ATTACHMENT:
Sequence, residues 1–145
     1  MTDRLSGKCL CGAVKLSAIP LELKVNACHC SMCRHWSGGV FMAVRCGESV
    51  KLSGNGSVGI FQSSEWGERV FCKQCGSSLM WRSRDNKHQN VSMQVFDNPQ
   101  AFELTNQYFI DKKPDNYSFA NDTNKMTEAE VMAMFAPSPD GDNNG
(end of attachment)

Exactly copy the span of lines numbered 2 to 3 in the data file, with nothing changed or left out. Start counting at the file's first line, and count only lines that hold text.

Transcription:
     1  MTDRLSGKCL CGAVKLSAIP LELKVNACHC SMCRHWSGGV FMAVRCGESV
    51  KLSGNGSVGI FQSSEWGERV FCKQCGSSLM WRSRDNKHQN VSMQVFDNPQ